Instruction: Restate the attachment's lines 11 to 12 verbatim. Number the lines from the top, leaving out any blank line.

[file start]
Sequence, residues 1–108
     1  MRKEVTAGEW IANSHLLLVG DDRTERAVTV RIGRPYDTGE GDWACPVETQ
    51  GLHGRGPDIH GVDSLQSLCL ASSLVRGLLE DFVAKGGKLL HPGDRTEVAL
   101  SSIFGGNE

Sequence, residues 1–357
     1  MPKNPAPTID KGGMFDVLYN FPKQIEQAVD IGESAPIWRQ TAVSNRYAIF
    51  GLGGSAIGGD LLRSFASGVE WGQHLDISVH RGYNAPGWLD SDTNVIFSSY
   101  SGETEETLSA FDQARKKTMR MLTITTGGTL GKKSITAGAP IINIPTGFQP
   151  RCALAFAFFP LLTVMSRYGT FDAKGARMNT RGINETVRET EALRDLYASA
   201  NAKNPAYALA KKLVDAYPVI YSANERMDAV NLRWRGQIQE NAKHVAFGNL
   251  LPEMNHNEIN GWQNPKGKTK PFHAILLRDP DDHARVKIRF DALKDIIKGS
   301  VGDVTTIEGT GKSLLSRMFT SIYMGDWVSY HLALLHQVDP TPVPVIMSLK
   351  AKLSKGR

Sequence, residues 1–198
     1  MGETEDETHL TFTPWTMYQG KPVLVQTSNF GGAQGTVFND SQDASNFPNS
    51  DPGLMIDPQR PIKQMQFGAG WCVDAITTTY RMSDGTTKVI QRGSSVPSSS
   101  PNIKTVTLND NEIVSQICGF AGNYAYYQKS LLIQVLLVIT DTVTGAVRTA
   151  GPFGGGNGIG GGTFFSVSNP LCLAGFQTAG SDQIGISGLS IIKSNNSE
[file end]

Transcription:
   251  LPEMNHNEIN GWQNPKGKTK PFHAILLRDP DDHARVKIRF DALKDIIKGS
   301  VGDVTTIEGT GKSLLSRMFT SIYMGDWVSY HLALLHQVDP TPVPVIMSLK